One thing you should know about Portugal is they really enjoy pastries. In fact they practically rival the french, which is saying quite a lot.
Example one. Apologies for the this-was-clearly-shot-through-a-window look, but I didn’t want to actually go inside the store and try to communicate with the salespeople, who were often quite insistent that you buy something. Don’t know how they knew I was an American tourist and not a Portuguese native, however…
Mmm, that’s better. Yes I actually bought something here, what can I say, I have very little self control. These are only two examples of the hoards of pastelerias that literally dotted every street we stepped foot on.
Pushing everything from bastardized eclairs and millefeuilles to the traditional custard tart pastel de nata, these shops were everywhere. I’m not complaining, but I will say having to choose which stop to shop at (tongue twister) became very difficult.
If I had to choose, though, I might say these blocks of caramel took the cake (ha. pastry joke). I don’t know why you would ever need such a large slab of caramel, but I hope that someday I do.
Porto also had the largest turnip I’ve ever seen. Note the hand in the photo for comparison. Steroids are suspected.
For some reason, much to my travel companion’s annoyances, being in Spanish (and Portuguese) speaking countries made me crave Mexican food. After they got tired of me talking about it every 12 minutes or so, we decided to make tacos (sort of) for our beloved Portuguese hosts, Sara and Joao (with a squiggle accent on the a).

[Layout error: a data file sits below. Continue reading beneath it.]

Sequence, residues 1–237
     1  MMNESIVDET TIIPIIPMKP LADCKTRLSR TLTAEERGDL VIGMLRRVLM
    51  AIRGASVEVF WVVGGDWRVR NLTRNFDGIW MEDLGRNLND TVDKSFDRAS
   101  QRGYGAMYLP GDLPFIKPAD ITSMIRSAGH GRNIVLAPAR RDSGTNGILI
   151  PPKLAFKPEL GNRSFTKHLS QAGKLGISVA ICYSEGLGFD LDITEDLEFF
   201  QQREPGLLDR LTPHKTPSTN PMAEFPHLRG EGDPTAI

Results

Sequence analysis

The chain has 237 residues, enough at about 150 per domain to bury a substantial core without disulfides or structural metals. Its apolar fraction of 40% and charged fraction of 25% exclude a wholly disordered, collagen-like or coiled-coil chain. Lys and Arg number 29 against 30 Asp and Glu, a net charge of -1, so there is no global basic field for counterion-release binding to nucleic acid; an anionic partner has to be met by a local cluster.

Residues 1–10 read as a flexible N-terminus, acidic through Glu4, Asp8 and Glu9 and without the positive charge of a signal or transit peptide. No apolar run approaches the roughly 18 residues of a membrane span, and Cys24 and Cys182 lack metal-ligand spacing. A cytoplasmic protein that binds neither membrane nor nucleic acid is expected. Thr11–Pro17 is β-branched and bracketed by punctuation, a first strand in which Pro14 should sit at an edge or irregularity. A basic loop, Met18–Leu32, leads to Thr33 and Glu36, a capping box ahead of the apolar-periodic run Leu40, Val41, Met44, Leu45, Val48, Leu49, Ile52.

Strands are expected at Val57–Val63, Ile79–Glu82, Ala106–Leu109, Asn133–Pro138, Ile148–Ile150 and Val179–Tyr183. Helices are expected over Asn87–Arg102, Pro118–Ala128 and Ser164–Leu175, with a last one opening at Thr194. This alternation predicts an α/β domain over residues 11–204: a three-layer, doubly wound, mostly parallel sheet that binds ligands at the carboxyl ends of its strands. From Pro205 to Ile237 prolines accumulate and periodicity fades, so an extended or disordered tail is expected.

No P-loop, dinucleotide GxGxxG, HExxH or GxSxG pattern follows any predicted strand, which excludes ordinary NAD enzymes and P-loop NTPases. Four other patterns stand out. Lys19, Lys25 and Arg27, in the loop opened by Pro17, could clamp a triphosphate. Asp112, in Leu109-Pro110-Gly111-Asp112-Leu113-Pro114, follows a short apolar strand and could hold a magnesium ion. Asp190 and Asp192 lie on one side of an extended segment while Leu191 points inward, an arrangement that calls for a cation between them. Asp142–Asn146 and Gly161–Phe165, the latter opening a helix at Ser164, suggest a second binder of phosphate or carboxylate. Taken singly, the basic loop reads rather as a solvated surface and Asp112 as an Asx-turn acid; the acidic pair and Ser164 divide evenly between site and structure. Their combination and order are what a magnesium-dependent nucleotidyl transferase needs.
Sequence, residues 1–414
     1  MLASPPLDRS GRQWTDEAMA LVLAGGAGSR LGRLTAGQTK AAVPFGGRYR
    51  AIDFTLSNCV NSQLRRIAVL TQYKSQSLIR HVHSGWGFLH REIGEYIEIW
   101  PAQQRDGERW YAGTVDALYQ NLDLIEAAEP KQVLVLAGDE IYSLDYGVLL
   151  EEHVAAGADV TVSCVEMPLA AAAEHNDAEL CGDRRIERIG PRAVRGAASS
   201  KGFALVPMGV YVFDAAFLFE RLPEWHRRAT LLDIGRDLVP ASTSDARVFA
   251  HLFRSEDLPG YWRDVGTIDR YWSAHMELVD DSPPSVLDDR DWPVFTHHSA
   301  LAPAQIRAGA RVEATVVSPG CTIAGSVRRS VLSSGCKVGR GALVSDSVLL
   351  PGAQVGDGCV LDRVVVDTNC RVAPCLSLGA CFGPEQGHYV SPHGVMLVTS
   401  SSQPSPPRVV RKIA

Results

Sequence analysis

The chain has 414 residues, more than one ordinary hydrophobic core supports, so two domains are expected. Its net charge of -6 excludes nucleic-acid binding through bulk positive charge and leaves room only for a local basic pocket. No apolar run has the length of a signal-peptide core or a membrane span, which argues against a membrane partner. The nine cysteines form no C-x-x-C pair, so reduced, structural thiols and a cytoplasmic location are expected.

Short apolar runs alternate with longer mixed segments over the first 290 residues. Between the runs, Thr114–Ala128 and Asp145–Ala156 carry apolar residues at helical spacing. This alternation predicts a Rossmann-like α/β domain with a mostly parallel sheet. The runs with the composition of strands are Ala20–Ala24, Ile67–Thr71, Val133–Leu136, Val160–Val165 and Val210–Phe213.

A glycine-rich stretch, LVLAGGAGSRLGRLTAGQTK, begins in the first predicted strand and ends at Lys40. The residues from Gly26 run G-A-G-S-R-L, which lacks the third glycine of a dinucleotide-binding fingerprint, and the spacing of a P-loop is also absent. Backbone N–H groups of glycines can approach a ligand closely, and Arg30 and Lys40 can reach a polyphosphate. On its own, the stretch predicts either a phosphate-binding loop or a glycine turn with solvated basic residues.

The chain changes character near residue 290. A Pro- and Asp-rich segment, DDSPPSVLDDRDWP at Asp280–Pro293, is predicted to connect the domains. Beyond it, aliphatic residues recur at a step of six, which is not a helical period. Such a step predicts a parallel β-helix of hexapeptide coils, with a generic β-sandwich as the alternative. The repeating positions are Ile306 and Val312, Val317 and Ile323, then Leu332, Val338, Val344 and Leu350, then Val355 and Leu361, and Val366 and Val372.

Here is Joao, aka my ideal older brother, enjoying our delicious meal, though he complained the whole time about the one tiny pepper I put into it. Surprisingly, Portugal is not Mexico. They don’t like spicy food and thought guacamole was the weirdest thing ever.
This trip kind of jaded me about french food, which I had always assumed was the end-all-be-all of cuisine. How french of me. Epiphany had whilst eating this croissant at a coffeeshop in Madrid, which kicked the a*# of every croissant I’ve had in France. Whaaa??
I know. But things get weirder. Spanish BAGUETTES!
And they were good.
Here are some back-to-back donut shots. The spanish looove their donuts. Can’t say I blame them.
Also, the markets in Spain are kiiiinda out of this world. Look to the below montage for illustration.
Queso Fresco and fresh Coconut slices with cold water to keep them fresh.
If you look close enough, you can see one of the little escargots trying to make a run for it. Too bad his species is notorious for its speed, or lack thereof.
So I guess this international adventure kind of shook me up a little bit. Maybe French food isn’t the ultimate best food in the world?
Nah. There’s really nothing better than a fresh french brioche with salted butter from normandy and confiture au fraises.
Live to die another day.